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Joseph "Joe" Cressy (About this soundlisten) (born July 10, 1984)[3] is a Canadian politician, who was elected to Toronto City Council in the 2014 city council election to succeed interim councillor Ceta Ramkhalawansingh in Ward 20.[4] The ward was previously represented by Adam Vaughan, who defeated him in a 2014 by-election to the House of Commons of Canada for Trinity—Spadina.

Joe Cressy
Joe Cressy campaigning in Toronto federal by-election May 2014 (cropped).jpg
Cressy in 2014
Toronto City Councillor for
Ward 10 (Spadina—Fort York)
Assumed office
December 1, 2018
Preceded byWard Established
Toronto City Councillor for
Ward 20 (Trinity—Spadina)
In office
December 1, 2014 – December 1, 2018
Preceded byCeta Ramkhalawansingh
Succeeded byWard Abolished
Personal details
Born (1984-07-10) July 10, 1984 (age 35)
Toronto, Ontario
Political partyNew Democratic Party
Spouse(s)Grace O'Connell (2018-)[1]
Nina Gorka (2013-2016) div[2]
ParentsGordon Cressy
Joanne Campbell
ResidenceToronto, Ontario

He is the son of former Toronto city councillors Gordon Cressy and Joanne Campbell.[5] His birth in 1984 made Campbell the first woman in Toronto City Council history to give birth to a child while serving as a councillor.[6]

Cressy has worked on various social-justice issues, which traces back to high school when he spent a year in South Africa.[7] Upon returning to high school in Toronto, he got involved in the anti-Iraq war movement[8] and has since worked on anti-poverty campaigns in South Africa, literacy programs with First Nations communities in Northern Ontario, and worked with The Stop Community Food Centre.

Cressy also supports LGBTQ issues at home and abroad,[9] volunteering for an LGBTQ organization while studying abroad in Accra and supporting the NDP’s call for a visa ban against legislators who passed anti-gay laws in Russia.

Cressy studied public affairs and policy management at Carleton University. Prior to his entry into electoral politics, he worked for the Stephen Lewis Foundation and the Polaris Institute,[10] and was campaign manager for Mike Layton's (son of former federal NDP leader Jack Layton) successful campaign for a city council seat in the 2010 municipal election and NDP MP Olivia Chow's reelection campaign in the 2011 federal election.[5] He was also initially involved in Chow's mayoral campaign in 2014, but withdrew when he decided to run in the Trinity—Spadina by-election.[10]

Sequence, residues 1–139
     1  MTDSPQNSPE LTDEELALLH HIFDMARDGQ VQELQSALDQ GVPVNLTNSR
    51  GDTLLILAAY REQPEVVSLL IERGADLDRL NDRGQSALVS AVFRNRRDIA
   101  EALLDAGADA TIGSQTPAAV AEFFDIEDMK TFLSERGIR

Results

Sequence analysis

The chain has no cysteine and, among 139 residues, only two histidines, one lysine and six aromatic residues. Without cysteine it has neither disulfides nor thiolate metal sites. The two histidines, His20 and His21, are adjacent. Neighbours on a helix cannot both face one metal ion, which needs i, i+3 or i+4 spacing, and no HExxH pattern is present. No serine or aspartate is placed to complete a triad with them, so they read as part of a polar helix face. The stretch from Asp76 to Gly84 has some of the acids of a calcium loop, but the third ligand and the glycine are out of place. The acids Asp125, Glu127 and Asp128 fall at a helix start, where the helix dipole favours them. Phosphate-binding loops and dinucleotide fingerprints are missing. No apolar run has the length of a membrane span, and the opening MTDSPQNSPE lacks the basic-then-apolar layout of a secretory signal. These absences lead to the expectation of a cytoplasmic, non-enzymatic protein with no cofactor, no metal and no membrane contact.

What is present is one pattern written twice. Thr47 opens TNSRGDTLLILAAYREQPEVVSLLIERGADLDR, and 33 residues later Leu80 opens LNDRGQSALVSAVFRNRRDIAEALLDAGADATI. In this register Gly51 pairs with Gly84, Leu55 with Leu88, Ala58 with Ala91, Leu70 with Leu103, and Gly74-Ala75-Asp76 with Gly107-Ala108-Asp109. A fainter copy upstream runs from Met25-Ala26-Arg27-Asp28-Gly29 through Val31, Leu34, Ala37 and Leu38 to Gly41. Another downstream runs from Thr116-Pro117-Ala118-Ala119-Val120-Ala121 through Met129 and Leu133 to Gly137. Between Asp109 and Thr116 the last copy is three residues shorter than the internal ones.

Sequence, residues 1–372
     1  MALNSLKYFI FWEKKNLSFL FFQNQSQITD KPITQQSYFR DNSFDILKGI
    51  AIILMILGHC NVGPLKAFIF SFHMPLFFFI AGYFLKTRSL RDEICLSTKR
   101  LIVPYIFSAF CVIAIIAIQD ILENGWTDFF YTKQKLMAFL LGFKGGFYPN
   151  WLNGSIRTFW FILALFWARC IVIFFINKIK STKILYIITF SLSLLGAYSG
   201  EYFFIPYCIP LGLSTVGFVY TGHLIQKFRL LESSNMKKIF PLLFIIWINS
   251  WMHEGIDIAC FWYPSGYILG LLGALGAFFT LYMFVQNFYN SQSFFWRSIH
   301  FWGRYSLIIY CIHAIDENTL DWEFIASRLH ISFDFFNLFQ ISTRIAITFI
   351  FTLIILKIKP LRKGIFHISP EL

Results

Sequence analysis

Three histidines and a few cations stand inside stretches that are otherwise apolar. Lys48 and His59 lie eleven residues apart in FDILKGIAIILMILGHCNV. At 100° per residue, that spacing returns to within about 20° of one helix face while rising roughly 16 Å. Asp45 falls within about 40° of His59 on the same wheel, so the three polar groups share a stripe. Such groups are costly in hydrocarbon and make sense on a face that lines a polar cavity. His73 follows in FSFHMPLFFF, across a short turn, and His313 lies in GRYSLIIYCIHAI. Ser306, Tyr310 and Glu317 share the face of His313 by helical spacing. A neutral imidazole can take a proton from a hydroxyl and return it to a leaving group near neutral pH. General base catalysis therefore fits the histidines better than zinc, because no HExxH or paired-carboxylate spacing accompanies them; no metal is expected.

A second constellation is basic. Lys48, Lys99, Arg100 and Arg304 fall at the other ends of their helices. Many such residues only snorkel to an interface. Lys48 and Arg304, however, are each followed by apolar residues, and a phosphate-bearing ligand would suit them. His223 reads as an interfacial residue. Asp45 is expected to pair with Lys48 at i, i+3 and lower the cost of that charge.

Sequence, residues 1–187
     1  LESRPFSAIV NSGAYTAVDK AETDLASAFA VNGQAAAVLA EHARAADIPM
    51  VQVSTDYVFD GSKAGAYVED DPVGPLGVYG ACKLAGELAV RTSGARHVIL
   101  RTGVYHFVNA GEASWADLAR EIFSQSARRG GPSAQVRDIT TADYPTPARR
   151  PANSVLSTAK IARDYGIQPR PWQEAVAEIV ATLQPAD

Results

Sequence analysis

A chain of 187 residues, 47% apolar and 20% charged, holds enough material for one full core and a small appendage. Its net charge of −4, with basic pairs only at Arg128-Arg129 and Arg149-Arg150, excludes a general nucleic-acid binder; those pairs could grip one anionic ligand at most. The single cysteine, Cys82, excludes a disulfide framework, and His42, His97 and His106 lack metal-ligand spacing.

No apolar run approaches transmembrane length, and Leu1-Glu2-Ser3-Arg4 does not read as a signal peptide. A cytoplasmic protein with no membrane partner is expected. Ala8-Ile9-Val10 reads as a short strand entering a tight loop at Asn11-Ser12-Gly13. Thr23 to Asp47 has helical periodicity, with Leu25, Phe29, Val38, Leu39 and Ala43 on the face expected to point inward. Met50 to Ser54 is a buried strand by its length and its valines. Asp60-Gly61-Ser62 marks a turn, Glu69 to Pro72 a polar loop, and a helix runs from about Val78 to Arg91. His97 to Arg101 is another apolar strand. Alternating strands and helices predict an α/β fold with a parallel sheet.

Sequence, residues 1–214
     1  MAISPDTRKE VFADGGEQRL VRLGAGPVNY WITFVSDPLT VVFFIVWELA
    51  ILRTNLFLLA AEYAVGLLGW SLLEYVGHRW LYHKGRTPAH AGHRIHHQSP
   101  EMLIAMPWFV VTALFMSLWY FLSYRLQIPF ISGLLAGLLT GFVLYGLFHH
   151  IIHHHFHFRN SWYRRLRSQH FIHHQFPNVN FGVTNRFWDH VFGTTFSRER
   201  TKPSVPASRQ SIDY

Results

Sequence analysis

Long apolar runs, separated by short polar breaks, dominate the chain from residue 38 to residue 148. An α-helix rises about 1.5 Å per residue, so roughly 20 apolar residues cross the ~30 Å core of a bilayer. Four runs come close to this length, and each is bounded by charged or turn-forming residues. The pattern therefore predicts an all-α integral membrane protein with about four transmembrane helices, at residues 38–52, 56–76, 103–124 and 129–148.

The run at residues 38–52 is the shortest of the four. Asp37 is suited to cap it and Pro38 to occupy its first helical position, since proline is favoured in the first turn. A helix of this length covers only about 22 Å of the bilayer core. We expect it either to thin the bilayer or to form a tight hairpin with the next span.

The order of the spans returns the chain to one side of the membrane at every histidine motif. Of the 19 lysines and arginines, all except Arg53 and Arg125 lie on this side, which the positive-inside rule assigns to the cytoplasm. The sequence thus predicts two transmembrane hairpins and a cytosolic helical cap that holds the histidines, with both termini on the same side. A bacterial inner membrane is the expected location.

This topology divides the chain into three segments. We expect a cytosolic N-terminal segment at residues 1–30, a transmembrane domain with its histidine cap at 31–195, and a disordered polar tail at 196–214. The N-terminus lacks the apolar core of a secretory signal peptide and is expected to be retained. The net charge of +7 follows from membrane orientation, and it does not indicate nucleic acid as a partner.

In addition to being councillor for Ward 20 and Toronto's Youth Equity Advocate, he currently sits on the Toronto Board of Health, the board of directors for Toronto Community Housing, the council's Parks and Environment Committee and the sub-committee on Climate Change and Adaptation.

He was reelected in the 2018 municipal election, by one of the widest victory margins of any councillor in the city.[11]

Election resultsEdit

2014 Toronto election, Ward 20
Candidate Votes %
Joe Cressy 12,466 41.96
Terri Chu 3,693 12.43
Sarah Thomson 2,808 9.45
Mike Yen 1,431 4.81
Philip Morrison 1,407 4.73
Anshul Kapoor 1,063 3.57
Charles MacDonald 972 3.27
Albert Koehl 853 2.87
Tonny Louie 740 2.49
Daryl Christoff 705 2.37
Mike Andreae 590 1.98
Sam Goldstein 519 1.74
Nick Wright 395 1.33
Stephanie Carty-Kegel 376 1.26
Sam Novak 376 1.26
Garaham Hollings 307 1.03
Stella Kargiannakis 286 0.96
Leanne Hicks 212 0.71
Susan Tsai 194 0.65
Michael Monaghan 128 0.43
Kat Shermack 102 0.34
Akeem Fasasi 86 0.28
Total 29,709 100

Unofficial results as of October 27, 2014 10:05 PM[12]

Canadian federal by-election, June 30, 2014: Trinity—Spadina
Resignation of Olivia Chow
Party Candidate Votes % ±%
Liberal Adam Vaughan 18,547 53.66 +30.27
New Democratic Joe Cressy 11,802 34.14 −20.37
Conservative Benjamin Sharma 2,022 5.85 −10.96
Green Camille Labchuk 1,880 5.43 +1.05
Christian Heritage Linda Groce-Gibbons 174 0.50 – 
Independent John "The Engineer" Turmel 141 0.41 – 
Total valid votes/Expense limit 34,566 100.00 – 
Total rejected ballots 111 0.32 −0.12
Turnout 34,677 31.78 −37.02
Eligible voters 110,252
Liberal gain from New Democratic Swing +25.32
By-election due to the resignation of Olivia Chow to run in the 2014 Toronto mayoral election.
Source: Elections Canada[13]


  1. ^ "Transcript: Joe Cressy: Confronting My Panic Attacks". TVO, January 11, 2019.
  2. ^ "Transcript: Joe Cressy: Confronting My Panic Attacks". TVO, January 11, 2019.
  3. ^ "Meet Joe Cressy: Door-knocking in Trinity Spadina and loving it". iPolitics, April 15, 2014.
  4. ^ "Joe Cressy wins second time in Ward 20, Trinity-Spadina". Toronto Star, October 27, 2014.
  5. ^ a b "NDP turns to young activist with deep Chow roots in Trinity-Spadina". Toronto Star, March 17, 2014.
  6. ^ "City Hall Notebook". The Globe and Mail, July 23, 1984.
  7. ^ "Joe Cressy on Nelson Mandela and Inspiration". "Now Toronto", December 12, 2013.
  8. ^ "Protesters in Canada express anger at Bush, Iraq War". "Jamaica Observer", December 1, 2004.
  9. ^ "Former Chow staffer seeks NDP nomination in Trinity-Spadina". "Daily Xtra", March 21, 2014.
  10. ^ a b "Meet Joe Cressy: The man who seeks to replace Olivia Chow in Ottawa". Yahoo! News Canada, April 2, 2014.
  11. ^ Sara Mojtehedzade (2018-10-22). "Joe Cressy wins by a landslide". Toronto Star. Joe Cressy has vowed to fight for the city’s “most vulnerable” after a sweeping win in Spadina-Fort York.
  12. ^ City of Toronto elections page
  13. ^ "Elections Canada". Elections Canada. October 3, 2014. Retrieved October 12, 2014.

External linksEdit